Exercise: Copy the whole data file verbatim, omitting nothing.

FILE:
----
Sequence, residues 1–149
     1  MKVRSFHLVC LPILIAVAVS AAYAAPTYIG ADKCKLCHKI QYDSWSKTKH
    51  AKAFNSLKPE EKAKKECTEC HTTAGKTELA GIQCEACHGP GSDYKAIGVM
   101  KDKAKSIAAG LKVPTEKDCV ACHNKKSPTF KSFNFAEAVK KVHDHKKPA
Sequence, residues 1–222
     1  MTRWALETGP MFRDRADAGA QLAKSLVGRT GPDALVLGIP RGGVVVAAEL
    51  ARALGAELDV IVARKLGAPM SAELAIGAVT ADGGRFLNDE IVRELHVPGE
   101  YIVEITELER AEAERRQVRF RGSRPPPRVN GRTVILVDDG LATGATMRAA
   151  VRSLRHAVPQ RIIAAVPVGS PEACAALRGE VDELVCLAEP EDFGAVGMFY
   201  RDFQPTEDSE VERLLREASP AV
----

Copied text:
Sequence, residues 1–149
     1  MKVRSFHLVC LPILIAVAVS AAYAAPTYIG ADKCKLCHKI QYDSWSKTKH
    51  AKAFNSLKPE EKAKKECTEC HTTAGKTELA GIQCEACHGP GSDYKAIGVM
   101  KDKAKSIAAG LKVPTEKDCV ACHNKKSPTF KSFNFAEAVK KVHDHKKPA
Sequence, residues 1–222
     1  MTRWALETGP MFRDRADAGA QLAKSLVGRT GPDALVLGIP RGGVVVAAEL
    51  ARALGAELDV IVARKLGAPM SAELAIGAVT ADGGRFLNDE IVRELHVPGE
   101  YIVEITELER AEAERRQVRF RGSRPPPRVN GRTVILVDDG LATGATMRAA
   151  VRSLRHAVPQ RIIAAVPVGS PEACAALRGE VDELVCLAEP EDFGAVGMFY
   201  RDFQPTEDSE VERLLREASP AV